I have no idea what it is, but every writer or budding techie in the newspaper industry who stumbles on Git and GitHub, or any version control system really — enjoying some of that computational thinking, are we? — suddenly goes “Oh. My. God. We should write stories like you guys write code in Git, with forks and branches and commits and issue tracking and history.”
It’s one of those wonderful moments when different fields of study come together and cross-pollinate.
Applying some of the best practices of the IT world to journalism is actually a good (if half-baked) idea. But I sometimes fear people might be taking the version control metaphor a bit too literally, unaware of why you cannot simply use version control as-is in a journalistic context.
Version control systems are line-based. For narrative texts, that actually means paragraph-based. Not only does this make it difficult to find the actual changes in a piece of text, it also makes it vastly impractical to, say, merge a spelling fix you’ve done in a special branch with the master branch, because it’ll just overwrite the entire paragraph and all updates that may have happened since.
My blog is actually version-controlled. Feel free to check on GitHub how absolutely useless the diffs are when I update a post.
To get the most out of version control, you’re supposed to make atomic commits, which means that every batch of changes you make should have one specific purpose and one specific purpose only. If you fix a typo, reorder a couple of paragraphs and change the title, those changes merit three different commits.
For code, atomic commits work really well and are hardly any trouble; you’ll have to commit your changes maybe every half an hour and force yourself not to switch to a different task too often. Reasonable enough. For editing prose, be prepared to do a commit including a descriptive message of your changes about every five seconds. Let’s see how long that stays fun for.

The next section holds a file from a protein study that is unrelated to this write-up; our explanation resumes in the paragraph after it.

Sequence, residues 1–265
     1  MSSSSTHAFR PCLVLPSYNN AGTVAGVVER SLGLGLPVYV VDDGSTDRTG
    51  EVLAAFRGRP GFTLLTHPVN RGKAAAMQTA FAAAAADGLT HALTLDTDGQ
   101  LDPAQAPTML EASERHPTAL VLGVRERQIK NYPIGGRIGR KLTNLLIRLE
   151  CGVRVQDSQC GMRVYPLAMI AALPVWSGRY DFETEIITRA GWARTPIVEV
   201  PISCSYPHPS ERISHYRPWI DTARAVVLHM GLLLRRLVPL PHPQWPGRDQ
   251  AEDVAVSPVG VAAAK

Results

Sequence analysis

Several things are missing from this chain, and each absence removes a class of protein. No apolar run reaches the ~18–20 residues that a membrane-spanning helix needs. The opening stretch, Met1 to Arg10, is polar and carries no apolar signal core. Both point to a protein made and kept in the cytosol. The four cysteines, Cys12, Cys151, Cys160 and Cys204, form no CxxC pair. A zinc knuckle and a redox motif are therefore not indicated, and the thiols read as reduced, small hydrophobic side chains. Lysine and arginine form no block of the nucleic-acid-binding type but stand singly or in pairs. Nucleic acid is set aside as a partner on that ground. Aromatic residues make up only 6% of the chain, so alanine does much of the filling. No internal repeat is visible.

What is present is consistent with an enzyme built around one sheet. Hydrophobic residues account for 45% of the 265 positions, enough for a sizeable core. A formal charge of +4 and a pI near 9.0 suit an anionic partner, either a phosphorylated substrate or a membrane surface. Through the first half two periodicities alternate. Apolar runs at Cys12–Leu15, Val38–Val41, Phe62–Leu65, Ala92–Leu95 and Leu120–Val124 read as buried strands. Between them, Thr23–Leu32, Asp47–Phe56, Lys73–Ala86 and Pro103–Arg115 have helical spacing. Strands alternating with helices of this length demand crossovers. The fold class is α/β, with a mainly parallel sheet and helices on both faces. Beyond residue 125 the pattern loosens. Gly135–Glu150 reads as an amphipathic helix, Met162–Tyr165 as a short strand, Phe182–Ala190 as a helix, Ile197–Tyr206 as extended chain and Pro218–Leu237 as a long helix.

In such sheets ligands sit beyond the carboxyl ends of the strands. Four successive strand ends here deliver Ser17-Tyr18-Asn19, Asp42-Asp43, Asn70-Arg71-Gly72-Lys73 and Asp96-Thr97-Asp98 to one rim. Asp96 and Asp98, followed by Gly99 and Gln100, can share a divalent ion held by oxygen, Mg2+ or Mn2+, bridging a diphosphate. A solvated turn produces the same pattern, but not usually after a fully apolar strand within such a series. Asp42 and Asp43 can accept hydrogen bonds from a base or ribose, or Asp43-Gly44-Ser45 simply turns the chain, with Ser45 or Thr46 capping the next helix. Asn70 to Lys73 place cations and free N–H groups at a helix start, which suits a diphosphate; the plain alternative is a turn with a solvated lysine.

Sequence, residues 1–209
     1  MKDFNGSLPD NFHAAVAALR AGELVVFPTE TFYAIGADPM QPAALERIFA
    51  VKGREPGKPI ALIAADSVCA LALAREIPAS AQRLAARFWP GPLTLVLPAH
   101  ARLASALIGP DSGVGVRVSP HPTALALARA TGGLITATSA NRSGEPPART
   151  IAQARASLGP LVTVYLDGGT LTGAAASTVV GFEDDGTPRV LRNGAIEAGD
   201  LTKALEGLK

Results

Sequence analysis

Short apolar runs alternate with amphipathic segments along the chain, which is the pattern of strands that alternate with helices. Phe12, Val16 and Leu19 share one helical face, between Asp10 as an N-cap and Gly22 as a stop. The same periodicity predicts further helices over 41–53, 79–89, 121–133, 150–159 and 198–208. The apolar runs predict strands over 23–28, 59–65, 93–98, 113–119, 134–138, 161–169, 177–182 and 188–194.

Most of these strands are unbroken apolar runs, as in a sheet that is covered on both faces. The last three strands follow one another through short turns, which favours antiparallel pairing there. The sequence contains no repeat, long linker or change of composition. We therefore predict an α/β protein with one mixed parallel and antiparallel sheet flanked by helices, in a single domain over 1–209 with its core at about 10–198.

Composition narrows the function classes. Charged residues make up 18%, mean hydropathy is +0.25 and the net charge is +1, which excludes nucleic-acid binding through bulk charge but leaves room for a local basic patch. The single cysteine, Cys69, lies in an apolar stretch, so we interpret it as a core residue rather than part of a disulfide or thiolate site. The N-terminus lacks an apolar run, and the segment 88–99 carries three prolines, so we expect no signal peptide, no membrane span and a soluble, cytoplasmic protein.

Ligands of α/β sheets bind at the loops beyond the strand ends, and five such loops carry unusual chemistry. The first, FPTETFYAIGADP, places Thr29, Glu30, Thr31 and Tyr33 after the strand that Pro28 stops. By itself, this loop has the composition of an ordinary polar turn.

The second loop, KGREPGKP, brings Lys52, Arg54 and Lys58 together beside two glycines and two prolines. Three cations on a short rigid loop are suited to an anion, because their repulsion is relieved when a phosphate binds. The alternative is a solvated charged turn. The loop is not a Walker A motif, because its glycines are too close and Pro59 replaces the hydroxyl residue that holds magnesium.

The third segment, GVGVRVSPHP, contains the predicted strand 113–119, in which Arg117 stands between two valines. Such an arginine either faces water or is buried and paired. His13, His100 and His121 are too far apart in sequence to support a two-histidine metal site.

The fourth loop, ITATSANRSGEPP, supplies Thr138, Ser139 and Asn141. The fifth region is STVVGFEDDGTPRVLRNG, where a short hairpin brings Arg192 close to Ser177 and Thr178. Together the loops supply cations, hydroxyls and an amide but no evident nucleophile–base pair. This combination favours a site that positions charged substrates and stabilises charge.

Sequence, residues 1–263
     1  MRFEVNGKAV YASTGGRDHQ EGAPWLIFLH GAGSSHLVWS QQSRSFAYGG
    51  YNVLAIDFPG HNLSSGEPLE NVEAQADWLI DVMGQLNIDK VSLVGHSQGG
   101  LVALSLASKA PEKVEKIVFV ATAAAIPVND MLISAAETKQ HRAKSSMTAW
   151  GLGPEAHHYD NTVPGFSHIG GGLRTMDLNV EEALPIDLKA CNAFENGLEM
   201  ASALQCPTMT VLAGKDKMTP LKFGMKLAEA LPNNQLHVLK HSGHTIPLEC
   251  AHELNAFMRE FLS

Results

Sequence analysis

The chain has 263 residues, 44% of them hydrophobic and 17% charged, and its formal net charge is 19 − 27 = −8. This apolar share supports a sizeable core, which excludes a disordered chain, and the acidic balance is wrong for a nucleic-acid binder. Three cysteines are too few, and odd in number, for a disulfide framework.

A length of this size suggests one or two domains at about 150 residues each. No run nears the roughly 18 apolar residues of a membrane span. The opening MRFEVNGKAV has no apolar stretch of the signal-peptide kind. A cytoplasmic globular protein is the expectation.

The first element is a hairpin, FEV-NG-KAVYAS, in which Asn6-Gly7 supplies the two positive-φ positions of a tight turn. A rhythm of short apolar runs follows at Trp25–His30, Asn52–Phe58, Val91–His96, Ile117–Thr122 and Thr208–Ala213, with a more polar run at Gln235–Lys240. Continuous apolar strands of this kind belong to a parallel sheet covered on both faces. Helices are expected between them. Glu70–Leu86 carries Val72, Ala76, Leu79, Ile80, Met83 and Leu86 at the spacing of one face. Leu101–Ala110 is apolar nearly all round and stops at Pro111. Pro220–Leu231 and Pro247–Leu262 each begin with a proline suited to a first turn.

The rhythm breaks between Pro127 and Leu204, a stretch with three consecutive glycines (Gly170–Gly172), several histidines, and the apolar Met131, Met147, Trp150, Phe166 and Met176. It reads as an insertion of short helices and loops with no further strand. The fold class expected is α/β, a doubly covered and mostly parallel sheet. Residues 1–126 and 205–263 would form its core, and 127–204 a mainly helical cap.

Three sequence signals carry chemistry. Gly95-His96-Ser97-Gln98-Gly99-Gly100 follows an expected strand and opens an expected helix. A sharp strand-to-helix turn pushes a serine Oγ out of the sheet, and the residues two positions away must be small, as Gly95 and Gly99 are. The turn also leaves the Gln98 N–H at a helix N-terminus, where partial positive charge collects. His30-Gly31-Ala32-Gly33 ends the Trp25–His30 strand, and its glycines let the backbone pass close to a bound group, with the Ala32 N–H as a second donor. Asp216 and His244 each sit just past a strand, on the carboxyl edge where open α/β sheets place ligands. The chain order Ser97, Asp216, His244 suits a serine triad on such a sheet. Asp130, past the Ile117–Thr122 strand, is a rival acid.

Merging code can sometimes be a challenge, although it’s relatively painless in Git. You can easily isolate a block of code and transplant it onto other code. A sentence, however, is a fragile thing that can imply all sorts of things and needs to fit with the next and previous sentences and the paragraph in general.
You might want to haul over sentences, like a crucial fact you corrected in one branch like, say, your web edition of a story, to another branch , like, say, your longer in-the-works print edition. Merging at its best. But think about how time-intensive that would actually be: you have to cherry-pick exactly those commits you want to merge in. Not only that, you will never be able to avoid doing a bit of double work, because the two branches will likely be different enough that the same sentence or paragraph may make absolute sense in the one version but look weird in the other.
Code can take some manhandling, writing can’t. Copy-pasting and a light rewrite suddenly doesn’t seem so bad.
Collaboration on stories is really really hard. Much harder than collaborating on code, even though that’s not always easy either. Look at how hard it is to work together on a piece even when you have the real-time feedback you get in a Google doc. It’s something you generally only want to do if you absolutely can’t avoid it, say, to get a bit of a turbo boost for breaking news.
Now imagine having to do that same collaborative writing exercise in total isolation of each other, like you’d do in a Git-based workflow. Then merge the result together and see what happens. Writing code alongside each other is more like writing different stories about the same thing rather than actually collaborating on a story, which is why it works, and why it won’t work for journalists or wiki authors.
It’s a metaphor, people!
Journalism may need version control, but it needs its own special kind of version control, and that’s something we haven’t invented yet.